When considering domestic violence, the cliche is to assume that men always abuse women. However, some reports claim that abuse rates are actually close to equal.
Nevada's governor has signed a law that mandates Nevada employers to give workers leave time if they, anyone in their family or in their home are victims of domestic violence. The law will go into effect at the beginning of 2018.
Up until the past decade or so, domestic violence was thought of by most as a crime one romantic partner committed against the other. It's only in recent years that word "domestic" has come to be understood as covering anyone that has maintains a close, familiar relationship with his or her abuser.
Actress Mischa Barton says that she would be "terrified" if she saw the ex-boyfriend whom she says has been trying to sell video of the 31-year-old engaged in sex to various companies for $500,000. Barton may be best known for to many people for her role in the TV series The O.C. from 2003 to 2006.
In the year 2017, one would not expect domestic violence to be a problem like it was in the past, but that couldn't be further than the truth. Paying specific attention to the treatment of women, researchers have found that a woman gets beaten or assaulted every nine seconds in the United States. In 2016, 24 women died of sexual and domestic violence.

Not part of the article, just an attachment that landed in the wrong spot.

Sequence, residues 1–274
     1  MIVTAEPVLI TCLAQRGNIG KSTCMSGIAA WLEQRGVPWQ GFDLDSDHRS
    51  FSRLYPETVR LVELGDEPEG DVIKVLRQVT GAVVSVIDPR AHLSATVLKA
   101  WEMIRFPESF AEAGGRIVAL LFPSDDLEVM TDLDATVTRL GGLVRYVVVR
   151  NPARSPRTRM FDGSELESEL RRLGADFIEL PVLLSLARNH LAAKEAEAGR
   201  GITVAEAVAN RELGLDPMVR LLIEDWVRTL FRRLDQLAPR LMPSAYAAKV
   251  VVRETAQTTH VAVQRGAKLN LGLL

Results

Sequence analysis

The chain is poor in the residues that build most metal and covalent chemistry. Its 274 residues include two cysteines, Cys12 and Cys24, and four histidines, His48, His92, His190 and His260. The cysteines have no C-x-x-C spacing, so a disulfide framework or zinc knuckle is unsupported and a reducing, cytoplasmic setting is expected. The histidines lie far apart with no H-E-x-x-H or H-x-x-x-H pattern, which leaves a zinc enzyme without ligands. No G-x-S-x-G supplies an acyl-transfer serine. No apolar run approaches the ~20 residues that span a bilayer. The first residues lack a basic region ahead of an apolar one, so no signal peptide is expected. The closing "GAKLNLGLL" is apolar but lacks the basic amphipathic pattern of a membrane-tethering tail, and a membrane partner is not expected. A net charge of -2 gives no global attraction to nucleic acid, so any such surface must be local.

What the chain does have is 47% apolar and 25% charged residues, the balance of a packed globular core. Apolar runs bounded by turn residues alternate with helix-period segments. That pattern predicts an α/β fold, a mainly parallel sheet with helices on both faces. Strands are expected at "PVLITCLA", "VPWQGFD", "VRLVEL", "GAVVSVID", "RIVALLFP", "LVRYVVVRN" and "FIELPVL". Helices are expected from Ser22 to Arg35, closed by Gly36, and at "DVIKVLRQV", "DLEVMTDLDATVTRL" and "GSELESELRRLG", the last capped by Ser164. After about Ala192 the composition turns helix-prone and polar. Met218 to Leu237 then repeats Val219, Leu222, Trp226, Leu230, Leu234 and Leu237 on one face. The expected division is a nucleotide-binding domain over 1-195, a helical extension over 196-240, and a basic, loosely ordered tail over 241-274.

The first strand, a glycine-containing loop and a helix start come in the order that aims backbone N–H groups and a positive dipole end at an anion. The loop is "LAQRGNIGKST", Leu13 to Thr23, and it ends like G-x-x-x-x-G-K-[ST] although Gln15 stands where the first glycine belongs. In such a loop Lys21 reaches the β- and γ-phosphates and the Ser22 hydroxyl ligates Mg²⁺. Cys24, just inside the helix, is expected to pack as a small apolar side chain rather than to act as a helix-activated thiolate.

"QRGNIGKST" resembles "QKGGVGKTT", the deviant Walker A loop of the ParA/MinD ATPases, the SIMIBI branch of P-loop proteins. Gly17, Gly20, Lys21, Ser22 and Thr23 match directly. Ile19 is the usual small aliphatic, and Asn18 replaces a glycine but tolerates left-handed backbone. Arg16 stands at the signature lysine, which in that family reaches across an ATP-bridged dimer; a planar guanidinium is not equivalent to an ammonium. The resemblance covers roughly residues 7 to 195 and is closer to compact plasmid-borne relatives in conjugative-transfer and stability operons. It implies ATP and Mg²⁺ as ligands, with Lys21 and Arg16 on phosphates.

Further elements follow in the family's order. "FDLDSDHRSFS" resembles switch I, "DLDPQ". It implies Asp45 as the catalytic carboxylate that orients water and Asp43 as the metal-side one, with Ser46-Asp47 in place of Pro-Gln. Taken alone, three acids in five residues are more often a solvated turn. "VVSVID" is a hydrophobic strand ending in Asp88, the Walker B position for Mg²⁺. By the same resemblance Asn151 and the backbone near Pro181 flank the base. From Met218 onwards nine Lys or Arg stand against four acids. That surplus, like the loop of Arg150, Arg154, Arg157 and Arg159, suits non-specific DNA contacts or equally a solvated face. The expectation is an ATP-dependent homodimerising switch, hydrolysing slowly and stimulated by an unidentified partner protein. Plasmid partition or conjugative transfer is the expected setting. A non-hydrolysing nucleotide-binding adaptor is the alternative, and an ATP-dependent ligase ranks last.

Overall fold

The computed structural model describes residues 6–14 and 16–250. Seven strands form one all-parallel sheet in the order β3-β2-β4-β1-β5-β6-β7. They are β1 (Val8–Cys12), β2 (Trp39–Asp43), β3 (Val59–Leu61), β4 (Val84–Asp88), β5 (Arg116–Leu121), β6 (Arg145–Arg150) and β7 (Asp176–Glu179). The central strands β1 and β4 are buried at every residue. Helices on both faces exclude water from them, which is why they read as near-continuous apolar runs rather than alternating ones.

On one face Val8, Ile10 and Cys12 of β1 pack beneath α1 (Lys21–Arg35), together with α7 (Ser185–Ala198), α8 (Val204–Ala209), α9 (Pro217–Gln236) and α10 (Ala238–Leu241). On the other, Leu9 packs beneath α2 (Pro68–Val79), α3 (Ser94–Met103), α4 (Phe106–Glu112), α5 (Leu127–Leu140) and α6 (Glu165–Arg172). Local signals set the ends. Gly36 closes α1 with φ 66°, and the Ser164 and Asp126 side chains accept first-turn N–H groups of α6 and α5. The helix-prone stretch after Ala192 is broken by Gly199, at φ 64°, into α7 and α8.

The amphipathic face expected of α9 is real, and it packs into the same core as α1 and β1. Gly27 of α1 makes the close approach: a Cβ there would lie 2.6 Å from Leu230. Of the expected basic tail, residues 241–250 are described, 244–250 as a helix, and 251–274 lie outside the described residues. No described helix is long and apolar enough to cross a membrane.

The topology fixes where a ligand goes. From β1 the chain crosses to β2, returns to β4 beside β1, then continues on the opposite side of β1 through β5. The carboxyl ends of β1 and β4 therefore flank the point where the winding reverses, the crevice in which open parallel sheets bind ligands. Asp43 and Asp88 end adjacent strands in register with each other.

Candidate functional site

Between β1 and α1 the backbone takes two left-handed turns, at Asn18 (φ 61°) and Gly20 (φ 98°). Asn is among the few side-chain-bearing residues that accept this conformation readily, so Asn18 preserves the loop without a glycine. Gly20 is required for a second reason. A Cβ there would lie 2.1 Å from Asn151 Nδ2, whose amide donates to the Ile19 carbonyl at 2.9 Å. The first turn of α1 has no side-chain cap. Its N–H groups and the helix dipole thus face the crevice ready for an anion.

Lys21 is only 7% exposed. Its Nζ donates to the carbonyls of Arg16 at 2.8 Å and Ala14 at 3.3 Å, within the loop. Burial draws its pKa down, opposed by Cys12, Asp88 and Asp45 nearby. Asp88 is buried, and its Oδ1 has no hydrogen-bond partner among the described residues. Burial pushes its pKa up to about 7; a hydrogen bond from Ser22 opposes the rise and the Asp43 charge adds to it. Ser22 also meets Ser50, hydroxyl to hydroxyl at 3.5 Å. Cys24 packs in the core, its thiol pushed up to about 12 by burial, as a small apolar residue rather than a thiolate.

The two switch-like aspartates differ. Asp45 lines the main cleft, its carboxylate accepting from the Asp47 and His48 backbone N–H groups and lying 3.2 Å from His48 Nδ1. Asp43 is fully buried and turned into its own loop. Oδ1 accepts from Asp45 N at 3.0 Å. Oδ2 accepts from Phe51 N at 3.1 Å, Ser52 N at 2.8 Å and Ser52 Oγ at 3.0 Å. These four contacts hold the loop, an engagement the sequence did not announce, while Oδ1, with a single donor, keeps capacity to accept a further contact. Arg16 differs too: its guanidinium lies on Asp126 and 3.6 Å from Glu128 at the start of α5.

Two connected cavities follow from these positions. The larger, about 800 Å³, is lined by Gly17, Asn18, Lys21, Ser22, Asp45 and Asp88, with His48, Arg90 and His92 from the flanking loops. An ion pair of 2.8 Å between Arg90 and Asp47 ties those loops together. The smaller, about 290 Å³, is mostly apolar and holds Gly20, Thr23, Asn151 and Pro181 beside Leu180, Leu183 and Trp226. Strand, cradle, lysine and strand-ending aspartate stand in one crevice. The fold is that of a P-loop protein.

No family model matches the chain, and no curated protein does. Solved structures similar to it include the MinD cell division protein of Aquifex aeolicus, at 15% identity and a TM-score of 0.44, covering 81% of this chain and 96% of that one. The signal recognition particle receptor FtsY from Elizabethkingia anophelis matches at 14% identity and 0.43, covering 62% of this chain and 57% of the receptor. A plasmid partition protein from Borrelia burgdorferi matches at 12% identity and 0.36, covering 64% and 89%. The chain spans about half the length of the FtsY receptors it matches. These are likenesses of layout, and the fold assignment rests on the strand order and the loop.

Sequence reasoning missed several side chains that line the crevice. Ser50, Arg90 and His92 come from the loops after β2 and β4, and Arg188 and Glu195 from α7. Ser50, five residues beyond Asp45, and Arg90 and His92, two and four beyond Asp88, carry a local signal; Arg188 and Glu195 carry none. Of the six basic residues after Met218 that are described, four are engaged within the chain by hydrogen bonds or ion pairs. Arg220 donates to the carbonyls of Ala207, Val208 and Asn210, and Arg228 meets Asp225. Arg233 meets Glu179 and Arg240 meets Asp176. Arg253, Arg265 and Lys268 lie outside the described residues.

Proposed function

Domestic violence is a very serious issue in its own right, and it likely deserves more attention than it gets. However, some people don't really take it as seriously as they should.
The former director of Nevada's most well known domestic violence shelter, Shade Tree, was found not guilty on charges that he battering his own girlfriend on Thursday, June 8, 2017. Las Vegas Metro Police had arrested and charged the 37-year-old defendant with misdemeanor domestic violence back on March 5 after he allegedly had attacked his live-in girlfriend.
Law enforcement officers, lawmakers and fellow citizens in Nevada are attempting to eradicate domestic violence from existence, making headway one step at a time. Nevertheless, there was a day when the courts and police didn't take domestic violence as seriously as they do today.
Most people think of the abuse of one spouse by another as physical in nature or perhaps verbal or emotional. However, some people are victims of financial abuse. Often (in fact 99 percent of the time) people who are physically abused are also financially abused. Both, after all, are means of controlling a spouse or partner.
Those who are not in abusive relationships often wonder why people who are being victimized by domestic violence don't just leave. Unless they're not being physically restrained, why not just take the next bus out of town?